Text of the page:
Tuesday evening, the Pennsylvania Liquor Control Board (PLCB) sent out an email notification indicating that, effective immediately, certain measures that were in place during the COVID-19 pandemic have been eliminated. The most notable changes relate to the temporary authorization that the PLCB granted to allow for the use of expanded outdoor seating areas and the sale of mixed drinks to go by retail licensees.
What’s the genesis of this? Why is the rug seemingly being pulled out from under an industry that generates over $24 Billion in sales? The industry surely deserves better. Today’s post will explain how and why they’re making these decisions as the disaster declaration ends.
Constitutional Amendments Give PA Congress New Powers
As the PLCB explained in its email yesterday, during the most recent primary, voters approved certain constitutional amendments that restricted the Governor’s ability to continue a disaster declaration. This result gave the Pennsylvania House and Senate the ability to vote to terminate a disaster declaration after a certain period.
The House and Senate held that vote on June 10th and voted in favor of ending the disaster declaration that has been in place since March of 2020. The impact of that vote had been delayed as the State had to formally certify the election results. That certification happened yesterday, which is what prompted the PLCB’s email.
Mixed Drinks To Go Law Badly Muddled
The law that initially approved the sale of mixed drinks to go during the pandemic was specifically tied to the Emergency Declaration issued by the Governor. It provided for those sales only during the emergency declaration. When that ended, so did the authority to continue those types of sales for retail licensees (distilleries may continue to sell their own products to go in bottles or as mixed drinks).
Ready-to-Drink (RTD) Cocktail Addendum
Licensees then put their hope in a new bill in the Senate that would allow for the permanent sales of mixed drinks to go. The PA House of Representatives overwhelmingly passed that bill, but when it arrived in the Senate, something happened.
Senator Mike Regan, who chairs the Law and Justice Committee, decided he wanted to include in that bill an expansion of the law and allow for grocery stores, convenience stores, and beer distributors to sell ready-to-drink cocktails (RTDs). These are prepackaged, mixed drinks (vodka, rum, whiskey, etc.) made by High Noon, Fugu, Sazerac Company and many others. They are becoming hugely popular and are currently available in Pennsylvania, but only through the state stores and the PLCB.
Unlike malt-based beverages like hard seltzers, RTDs contain liquor, so they cannot be sold to go by any licensees or beer distributors.
Certain Veto of RTDs
There is no question that the law needs to address RTDs and establish a better way of selling and distributing them in the state. However, now was not the appropriate time to jam that issue into a bill that was only aimed at preserving the ability to sell mixed drinks to go and help an industry that was devastated by the pandemic.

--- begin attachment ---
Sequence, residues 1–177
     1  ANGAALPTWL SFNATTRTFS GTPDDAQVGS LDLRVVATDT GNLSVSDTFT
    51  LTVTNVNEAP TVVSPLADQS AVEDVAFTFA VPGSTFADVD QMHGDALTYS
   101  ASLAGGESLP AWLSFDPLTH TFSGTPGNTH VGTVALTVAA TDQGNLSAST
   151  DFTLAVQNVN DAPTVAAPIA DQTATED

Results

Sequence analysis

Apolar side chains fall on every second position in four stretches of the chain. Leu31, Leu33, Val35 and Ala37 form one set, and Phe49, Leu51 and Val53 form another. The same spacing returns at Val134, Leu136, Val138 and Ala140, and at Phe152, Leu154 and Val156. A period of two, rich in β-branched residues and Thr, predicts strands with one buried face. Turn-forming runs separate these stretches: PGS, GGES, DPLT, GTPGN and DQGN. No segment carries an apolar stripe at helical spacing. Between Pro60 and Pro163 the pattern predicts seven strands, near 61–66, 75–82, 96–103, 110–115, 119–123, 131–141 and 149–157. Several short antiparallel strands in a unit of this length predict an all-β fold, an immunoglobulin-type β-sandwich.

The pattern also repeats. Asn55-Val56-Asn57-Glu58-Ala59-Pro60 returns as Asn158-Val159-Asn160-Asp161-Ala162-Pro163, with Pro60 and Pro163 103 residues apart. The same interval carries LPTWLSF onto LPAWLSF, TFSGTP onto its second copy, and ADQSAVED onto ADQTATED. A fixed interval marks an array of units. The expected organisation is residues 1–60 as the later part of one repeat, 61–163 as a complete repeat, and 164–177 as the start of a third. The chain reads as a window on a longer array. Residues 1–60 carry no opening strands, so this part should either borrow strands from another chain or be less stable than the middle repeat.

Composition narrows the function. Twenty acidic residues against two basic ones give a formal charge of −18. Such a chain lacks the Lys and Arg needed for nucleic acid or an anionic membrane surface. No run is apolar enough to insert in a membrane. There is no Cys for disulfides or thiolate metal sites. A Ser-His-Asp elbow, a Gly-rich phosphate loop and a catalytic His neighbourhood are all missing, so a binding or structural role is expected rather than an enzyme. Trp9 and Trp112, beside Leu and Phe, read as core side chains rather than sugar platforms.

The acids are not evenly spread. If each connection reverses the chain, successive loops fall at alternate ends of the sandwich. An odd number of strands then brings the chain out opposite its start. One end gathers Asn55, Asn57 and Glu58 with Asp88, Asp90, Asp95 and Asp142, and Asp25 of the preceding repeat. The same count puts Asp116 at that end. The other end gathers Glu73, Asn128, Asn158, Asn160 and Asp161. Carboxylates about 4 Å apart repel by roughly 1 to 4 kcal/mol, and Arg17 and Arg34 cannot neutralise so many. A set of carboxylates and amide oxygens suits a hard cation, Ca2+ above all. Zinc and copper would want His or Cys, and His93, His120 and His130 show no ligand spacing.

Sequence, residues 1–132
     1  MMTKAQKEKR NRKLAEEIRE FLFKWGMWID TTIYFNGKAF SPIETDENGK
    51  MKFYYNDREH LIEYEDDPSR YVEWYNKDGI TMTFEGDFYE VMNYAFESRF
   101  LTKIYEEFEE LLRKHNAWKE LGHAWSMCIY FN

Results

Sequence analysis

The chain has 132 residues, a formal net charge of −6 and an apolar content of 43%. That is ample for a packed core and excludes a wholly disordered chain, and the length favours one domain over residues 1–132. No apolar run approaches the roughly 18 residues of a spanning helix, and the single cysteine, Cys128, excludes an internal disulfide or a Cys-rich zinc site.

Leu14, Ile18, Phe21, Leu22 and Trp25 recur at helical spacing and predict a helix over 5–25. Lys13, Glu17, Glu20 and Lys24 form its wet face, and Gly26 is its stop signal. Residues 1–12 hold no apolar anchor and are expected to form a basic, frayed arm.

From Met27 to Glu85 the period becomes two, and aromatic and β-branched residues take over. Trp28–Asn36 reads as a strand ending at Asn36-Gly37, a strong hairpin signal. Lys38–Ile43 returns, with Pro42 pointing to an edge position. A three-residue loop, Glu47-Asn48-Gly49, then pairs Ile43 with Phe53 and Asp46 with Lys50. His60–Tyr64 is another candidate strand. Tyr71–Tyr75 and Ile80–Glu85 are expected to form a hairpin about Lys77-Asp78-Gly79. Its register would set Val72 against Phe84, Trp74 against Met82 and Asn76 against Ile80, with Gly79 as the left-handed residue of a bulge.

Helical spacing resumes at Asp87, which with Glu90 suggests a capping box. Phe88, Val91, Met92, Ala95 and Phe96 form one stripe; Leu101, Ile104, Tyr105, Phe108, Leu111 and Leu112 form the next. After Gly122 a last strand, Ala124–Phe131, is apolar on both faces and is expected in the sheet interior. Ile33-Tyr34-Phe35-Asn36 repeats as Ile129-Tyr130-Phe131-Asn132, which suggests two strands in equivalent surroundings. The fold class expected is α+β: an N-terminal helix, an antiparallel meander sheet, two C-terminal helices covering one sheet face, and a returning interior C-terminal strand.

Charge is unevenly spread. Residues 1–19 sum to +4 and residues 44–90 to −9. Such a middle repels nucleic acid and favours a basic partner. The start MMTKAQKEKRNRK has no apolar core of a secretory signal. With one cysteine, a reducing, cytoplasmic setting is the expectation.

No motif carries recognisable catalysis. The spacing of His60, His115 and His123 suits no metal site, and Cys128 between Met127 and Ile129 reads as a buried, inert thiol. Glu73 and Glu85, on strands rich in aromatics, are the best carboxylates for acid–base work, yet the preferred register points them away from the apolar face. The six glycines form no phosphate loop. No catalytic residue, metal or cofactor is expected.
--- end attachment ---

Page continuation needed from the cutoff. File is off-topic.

The Governor has openly indicated that he will veto any bill that includes a change to the way RTDs are sold, so the bill that Senator Regan has amended is destined to be vetoed. Adding salt to the wound, there are not nearly enough votes in the House and Senate to override a veto.
So to make a political statement and help those that don’t need it nearly as much as restaurants, Regan’s actions will now cause the entire industry to suffer.
Outdoor Seating Bill Likely to Stall
To make matters worse, there was also a bill in the Senate that would preserve the emergency expanded outdoor seating through December 31, 2022. It was meant to give licensees the ability to continue to use expanded outdoor seating areas for an extended period and provide some predictability for when it would end.
Unfortunately, that bill has also stalled in the Senate and is unlikely to pass now that the emergency declaration has formally ended.
One Way Left: an Extension of Premises Application
If anyone has expanded outdoor seating areas that they would like to make permanent, you do have another option. You can file an extension of premises application to make those areas permanent. You may have some interruption in your ability to use that area, as the PLCB will need to do an investigation and formally approve it as a permanent licensed area. But if it’s a popular area, having it available permanently may be worth the interruption.
You may need to take parking lots, driveways and other similar areas out of service, though, to accommodate the permanent outdoor areas as the PLCB will typically not permanently license those types of areas. If permanently removing parking areas, you may also need to discuss that with your local municipality to make sure you are not violating zoning regulations regarding parking requirements.
Contact the attorneys at Russell Krafft & Gruber, and we’ll do our best to help your business keep what it needs as the law continues to change.